Last update: July 2023

Discounts are probably the most popular selling tool in business. Without a doubt, many companies discount the price for their products or services in various forms, for example:

  • Buy 1, get 1 free (and modifications),
  • Get 10% off for purchases over CU 100 (and modifications),
  • Gift vouchers,
  • Settlement discounts (bonus for early payment or for cash payment),

and many others.

What do discounts really mean for us, accountants?

In most cases, troubles.

The reason is that discounts directly affect measurement of various items in the financial statements and potentially the accounting treatment (timing and journal entries).

In this article, I explain how you should treat the discounts from the point of view of both seller and buyer.

My good friend, Prof. Robin Joyce added a bonus to this article.

We try to explain why discounting is not always that great and how you should decide on the amount of your discount based on your own margins and sales.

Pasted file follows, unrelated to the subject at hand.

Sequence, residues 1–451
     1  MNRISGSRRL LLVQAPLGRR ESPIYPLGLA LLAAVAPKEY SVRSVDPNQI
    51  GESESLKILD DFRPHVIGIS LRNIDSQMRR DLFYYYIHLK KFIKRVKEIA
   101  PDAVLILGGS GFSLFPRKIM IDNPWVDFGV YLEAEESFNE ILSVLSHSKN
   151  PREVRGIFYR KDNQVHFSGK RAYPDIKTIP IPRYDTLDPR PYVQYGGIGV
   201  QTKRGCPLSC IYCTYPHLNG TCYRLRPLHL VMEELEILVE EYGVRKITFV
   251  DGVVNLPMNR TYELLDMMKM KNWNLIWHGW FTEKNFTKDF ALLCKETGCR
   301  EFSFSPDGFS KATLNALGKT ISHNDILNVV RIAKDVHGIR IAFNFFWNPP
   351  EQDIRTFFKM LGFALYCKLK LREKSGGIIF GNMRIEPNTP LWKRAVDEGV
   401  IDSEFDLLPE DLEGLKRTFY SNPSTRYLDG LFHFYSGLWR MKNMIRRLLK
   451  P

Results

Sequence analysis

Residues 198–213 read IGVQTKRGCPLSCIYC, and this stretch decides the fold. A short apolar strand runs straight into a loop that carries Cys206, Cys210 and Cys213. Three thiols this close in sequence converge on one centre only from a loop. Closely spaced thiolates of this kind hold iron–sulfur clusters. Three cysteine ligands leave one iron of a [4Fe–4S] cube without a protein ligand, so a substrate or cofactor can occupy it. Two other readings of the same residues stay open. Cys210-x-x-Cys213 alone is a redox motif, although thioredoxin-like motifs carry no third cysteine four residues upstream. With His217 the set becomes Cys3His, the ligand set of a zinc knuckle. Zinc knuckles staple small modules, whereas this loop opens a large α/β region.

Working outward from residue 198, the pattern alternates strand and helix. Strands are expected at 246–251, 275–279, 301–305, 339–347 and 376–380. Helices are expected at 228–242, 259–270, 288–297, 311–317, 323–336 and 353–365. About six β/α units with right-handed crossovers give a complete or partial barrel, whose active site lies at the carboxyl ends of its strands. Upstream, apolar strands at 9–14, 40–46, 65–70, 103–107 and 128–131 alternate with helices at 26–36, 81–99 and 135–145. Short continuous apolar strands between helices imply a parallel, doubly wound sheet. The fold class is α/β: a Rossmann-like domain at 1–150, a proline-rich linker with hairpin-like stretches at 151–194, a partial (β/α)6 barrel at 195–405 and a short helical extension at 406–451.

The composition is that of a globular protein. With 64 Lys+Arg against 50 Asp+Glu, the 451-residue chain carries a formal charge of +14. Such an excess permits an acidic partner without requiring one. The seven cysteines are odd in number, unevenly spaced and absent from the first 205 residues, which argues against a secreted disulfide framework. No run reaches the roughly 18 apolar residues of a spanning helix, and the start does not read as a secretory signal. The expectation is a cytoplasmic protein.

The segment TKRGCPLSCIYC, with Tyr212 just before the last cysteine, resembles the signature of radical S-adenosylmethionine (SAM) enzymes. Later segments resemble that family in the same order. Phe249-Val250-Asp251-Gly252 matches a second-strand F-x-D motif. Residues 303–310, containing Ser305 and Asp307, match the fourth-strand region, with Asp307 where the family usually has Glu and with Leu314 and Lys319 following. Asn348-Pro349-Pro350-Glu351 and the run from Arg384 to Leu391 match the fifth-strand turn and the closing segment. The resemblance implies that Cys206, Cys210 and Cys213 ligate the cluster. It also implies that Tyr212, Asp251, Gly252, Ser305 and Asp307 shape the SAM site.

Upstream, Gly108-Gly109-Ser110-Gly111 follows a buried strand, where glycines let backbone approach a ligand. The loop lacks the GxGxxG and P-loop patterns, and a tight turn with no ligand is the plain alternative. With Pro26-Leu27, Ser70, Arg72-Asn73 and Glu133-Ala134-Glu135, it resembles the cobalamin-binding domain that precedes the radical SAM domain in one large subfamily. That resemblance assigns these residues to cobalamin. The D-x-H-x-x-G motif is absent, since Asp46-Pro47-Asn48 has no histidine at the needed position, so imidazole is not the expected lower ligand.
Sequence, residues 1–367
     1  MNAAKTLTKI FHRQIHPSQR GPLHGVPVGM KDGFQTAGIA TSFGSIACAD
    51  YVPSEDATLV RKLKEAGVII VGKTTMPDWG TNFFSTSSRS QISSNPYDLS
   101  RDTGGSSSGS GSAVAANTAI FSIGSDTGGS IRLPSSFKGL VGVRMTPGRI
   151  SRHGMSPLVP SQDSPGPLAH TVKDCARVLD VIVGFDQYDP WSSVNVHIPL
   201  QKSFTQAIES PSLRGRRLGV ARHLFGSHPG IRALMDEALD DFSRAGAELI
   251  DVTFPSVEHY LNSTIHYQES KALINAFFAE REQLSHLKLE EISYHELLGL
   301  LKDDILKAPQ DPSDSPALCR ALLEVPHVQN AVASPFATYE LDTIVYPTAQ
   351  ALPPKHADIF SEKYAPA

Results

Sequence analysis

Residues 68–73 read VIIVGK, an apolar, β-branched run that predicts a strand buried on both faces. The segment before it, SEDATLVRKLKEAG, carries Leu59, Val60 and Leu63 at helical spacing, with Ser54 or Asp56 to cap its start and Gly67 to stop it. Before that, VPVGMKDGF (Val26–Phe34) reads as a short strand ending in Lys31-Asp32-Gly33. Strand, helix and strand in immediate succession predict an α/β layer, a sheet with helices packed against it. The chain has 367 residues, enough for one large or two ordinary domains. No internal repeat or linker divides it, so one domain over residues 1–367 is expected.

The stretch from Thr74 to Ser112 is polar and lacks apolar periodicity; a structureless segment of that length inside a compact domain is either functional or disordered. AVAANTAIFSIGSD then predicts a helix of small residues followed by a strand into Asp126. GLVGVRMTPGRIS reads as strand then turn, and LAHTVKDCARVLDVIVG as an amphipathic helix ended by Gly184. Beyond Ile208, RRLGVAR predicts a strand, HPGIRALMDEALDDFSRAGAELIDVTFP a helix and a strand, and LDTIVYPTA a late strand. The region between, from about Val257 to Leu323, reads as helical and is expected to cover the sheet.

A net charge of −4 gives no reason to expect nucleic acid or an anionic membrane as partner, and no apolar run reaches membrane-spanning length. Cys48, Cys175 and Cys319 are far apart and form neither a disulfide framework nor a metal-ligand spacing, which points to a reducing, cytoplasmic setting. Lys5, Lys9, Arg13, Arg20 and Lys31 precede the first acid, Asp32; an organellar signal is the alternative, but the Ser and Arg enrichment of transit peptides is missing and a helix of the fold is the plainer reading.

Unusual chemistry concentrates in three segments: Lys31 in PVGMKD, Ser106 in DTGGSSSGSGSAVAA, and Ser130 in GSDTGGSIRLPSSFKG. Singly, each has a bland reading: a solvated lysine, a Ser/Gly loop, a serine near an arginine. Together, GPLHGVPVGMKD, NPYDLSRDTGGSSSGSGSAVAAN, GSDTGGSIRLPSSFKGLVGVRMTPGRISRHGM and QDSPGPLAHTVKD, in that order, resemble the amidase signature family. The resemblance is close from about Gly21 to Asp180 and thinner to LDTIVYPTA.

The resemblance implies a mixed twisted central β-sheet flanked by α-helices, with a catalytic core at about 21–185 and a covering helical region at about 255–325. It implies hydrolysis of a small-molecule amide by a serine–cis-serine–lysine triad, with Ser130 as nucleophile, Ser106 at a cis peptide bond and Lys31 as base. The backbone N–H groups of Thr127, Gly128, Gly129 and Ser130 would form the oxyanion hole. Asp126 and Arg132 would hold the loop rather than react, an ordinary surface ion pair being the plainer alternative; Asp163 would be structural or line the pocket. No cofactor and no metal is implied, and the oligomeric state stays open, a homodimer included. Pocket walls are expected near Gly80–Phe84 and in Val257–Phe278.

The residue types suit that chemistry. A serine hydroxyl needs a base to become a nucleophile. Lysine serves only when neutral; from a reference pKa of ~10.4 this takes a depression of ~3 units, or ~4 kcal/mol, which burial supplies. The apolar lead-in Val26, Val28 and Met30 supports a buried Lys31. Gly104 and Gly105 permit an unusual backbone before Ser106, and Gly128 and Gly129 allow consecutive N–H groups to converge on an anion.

Maybe you’ll be surprised to find out that not every single business can afford discounting. Yes, it’s an expensive selling tool!

Sellers provide discounts

When a seller provides a discount, it directly affect the amount of his revenue.

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Therefore logically, we should look to the standard IFRS 15 Revenue from Contract with Customers for guidance.

This standard specifies that you should present the revenue net of discounts. Just refer to IFRS 15.47 and following.

In other words, discounts reduce the amount of your revenue and do not represent cost of sales (or cost of promotion etc.).

For example, when you sell a machine for CU 100 and you decide to provide a discount of 3%, then you present a revenue of CU 97, and NOT the revenue of CU 100 and cost (of sales, marketing, whatever) of 3.

This rule seems very basic and very simple, yet its practical application can be challenging at some circumstances.

Let me give you 2 examples.

Example 1: Discount coupons

Imagine you run an e-shop with books. To support your sales, you send a discount coupon for CU 5 that your customers can use with every purchase over CU 100.